When Square Enix announced that brutal assassination simulator Hitman was making the jump to the world of turn-based gameplay, there were plenty of raised eyebrows. After all, Hitman was methodical, but halting the action and requiring players to move turn-by-turn seemed like an ill-advised move for the franchise.
But when the quirky little title Hitman Go was released, apprehension gave way to surprise. Hitman Go was a polished, fun game that emphasized strategy, all set in a world akin to a living board game. Players used the turn-based approach to move Hitman 47 around a clean, sparse board, picking off targets and solving puzzles. What seemed like a shallow cash grab turned out to be an excellent addition to the franchise.
Now, Square Enix has decided to see the experiment can be repeated with the raider of tombs, Lara Croft. Whereas the big budget prequel/sequel Rise of the Tomb Raider will play like a traditional Tomb Raider game, Lara Croft Go will slow the action down and task players with using strategic thinking to solve puzzles and survive traps.
The game, set for release on smartphones and tablets, will have all of the exotic locales and tomb raiding that fans have come to expect from the series, but will instead feature turn-based gameplay. The announcement trailer shows Ms. Croft scaling walls, navigating dangerous tombs, and collecting items as she moves across a simple, stylized map.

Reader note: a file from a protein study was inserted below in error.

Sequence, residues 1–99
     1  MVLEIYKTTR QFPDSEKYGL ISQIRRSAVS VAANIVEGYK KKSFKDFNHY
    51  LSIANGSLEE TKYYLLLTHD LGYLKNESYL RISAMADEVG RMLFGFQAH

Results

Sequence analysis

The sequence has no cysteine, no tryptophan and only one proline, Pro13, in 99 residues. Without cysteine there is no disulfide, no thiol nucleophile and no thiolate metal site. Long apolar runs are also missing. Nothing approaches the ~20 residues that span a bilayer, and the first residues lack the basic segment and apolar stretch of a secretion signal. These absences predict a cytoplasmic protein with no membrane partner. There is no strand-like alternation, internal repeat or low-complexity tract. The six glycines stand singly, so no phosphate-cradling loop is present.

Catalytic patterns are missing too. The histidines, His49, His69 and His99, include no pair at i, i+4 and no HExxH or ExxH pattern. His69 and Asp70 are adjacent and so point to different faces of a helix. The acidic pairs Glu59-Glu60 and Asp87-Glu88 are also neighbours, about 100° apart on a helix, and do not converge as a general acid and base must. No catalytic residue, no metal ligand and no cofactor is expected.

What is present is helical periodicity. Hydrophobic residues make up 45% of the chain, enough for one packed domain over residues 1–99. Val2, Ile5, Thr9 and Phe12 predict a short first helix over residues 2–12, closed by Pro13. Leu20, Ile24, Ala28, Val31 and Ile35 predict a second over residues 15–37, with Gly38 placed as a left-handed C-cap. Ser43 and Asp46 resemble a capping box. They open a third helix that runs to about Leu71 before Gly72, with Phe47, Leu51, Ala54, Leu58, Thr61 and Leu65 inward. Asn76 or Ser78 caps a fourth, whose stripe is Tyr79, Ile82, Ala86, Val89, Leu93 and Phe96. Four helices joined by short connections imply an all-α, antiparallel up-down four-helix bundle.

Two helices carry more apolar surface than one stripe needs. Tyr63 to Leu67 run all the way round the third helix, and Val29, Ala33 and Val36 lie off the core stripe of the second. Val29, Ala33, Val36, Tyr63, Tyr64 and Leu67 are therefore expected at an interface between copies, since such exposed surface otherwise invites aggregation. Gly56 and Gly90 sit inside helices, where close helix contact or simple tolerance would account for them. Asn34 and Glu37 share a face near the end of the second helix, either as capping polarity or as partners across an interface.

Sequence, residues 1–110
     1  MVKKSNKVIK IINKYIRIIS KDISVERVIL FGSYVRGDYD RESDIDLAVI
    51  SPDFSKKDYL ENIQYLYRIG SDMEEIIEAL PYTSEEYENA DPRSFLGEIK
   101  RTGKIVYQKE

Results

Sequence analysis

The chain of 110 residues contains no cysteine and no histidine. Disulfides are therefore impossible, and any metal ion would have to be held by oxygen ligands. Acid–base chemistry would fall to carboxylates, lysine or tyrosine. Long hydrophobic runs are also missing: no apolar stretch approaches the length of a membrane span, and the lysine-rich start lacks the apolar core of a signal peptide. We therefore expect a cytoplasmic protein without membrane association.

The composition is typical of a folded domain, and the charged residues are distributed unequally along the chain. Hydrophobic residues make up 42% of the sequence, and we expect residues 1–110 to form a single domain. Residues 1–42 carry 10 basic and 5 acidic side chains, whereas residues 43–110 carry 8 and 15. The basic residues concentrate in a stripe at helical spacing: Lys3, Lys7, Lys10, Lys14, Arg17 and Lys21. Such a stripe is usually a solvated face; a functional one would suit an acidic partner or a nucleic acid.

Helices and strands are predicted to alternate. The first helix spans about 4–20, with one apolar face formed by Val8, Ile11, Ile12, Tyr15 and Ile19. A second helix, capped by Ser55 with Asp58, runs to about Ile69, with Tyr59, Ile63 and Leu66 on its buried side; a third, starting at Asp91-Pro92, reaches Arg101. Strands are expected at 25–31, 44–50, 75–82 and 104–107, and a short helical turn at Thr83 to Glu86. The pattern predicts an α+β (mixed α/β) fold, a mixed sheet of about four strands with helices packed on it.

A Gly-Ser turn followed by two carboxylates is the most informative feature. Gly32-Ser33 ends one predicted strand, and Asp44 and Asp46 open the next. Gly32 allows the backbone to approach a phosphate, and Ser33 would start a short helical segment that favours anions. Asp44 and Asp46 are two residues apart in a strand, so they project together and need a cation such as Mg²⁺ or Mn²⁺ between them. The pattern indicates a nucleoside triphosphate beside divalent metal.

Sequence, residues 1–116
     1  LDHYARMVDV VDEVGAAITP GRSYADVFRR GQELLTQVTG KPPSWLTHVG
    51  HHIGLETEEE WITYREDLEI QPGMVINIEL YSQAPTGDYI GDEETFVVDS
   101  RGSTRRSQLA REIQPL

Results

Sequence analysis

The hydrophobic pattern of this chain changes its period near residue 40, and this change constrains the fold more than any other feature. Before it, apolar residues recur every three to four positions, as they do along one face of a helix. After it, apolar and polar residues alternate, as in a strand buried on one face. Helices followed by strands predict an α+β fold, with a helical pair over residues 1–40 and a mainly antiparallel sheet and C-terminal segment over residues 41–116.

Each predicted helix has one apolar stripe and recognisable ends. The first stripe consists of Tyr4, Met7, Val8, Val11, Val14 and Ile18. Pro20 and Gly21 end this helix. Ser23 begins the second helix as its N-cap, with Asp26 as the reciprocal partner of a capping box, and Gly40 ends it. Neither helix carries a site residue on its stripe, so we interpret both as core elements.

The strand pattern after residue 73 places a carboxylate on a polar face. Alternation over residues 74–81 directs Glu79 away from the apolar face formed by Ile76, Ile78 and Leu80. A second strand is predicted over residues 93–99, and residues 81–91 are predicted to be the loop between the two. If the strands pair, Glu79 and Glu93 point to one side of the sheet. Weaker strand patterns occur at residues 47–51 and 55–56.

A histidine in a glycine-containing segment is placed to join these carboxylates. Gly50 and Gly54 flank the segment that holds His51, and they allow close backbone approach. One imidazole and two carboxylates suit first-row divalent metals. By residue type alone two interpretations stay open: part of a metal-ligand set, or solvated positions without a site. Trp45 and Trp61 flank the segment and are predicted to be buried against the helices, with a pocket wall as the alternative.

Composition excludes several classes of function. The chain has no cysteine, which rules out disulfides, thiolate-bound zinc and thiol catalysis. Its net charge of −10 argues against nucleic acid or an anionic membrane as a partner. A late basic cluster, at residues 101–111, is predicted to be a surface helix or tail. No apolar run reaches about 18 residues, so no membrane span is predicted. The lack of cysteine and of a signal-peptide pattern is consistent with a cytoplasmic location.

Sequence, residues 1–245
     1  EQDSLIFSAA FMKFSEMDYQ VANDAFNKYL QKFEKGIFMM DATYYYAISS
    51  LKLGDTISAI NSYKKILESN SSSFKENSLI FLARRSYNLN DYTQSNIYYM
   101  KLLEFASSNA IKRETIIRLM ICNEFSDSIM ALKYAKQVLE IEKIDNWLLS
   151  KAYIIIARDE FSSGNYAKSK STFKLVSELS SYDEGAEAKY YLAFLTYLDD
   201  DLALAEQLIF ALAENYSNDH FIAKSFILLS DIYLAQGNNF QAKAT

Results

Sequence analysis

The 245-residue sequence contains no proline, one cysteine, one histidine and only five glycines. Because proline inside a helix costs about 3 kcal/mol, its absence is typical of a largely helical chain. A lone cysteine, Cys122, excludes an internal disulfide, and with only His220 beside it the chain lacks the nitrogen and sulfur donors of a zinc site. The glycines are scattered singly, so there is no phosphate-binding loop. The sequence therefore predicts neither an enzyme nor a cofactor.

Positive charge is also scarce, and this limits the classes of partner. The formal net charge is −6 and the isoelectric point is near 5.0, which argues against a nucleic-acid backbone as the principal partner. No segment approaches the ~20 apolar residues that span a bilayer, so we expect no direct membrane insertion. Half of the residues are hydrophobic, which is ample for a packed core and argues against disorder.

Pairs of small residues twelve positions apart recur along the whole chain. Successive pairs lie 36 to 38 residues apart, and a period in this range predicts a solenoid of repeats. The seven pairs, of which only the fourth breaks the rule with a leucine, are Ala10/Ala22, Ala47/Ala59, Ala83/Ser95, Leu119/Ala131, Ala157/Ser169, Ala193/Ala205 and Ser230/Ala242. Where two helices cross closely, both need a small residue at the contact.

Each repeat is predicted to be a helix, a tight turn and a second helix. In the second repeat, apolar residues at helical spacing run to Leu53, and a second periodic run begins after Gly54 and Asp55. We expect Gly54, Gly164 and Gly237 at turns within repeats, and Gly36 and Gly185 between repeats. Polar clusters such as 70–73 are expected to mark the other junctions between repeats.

This isn’t the first time Lara Croft has deviated from her typical tomb raiding formula. Square Enix published the critically praised isometric action game Lara Croft and the Guardian of Light, which was then followed by the well-regarded sequel, Lara Croft and the Temple of Osiris.
While a release date has not yet been announced, Square Enix hinted that the game would more than likely see release around the time of its console big sister, Rise of the Tomb Raider. Furthermore, the devices the game will be released on haven’t been established just yet, but considering Hitman Go was released on tablets, smartphones, and eventually PC, it stands to reason that the same will go for Lara Croft Go.
While Square Enix has proven that Tomb Raider can survive in the world of spin-offs, it stands to be seen if Lara Croft Go will continue this trend. First impressions of the game are positive, but Tomb Raider has always been a series that emphasizes action and movement, so bringing the franchise into the methodical world of turn-based gameplay is certainly a head scratcher. Fans will just have to wait to find out if the odd combination pays off.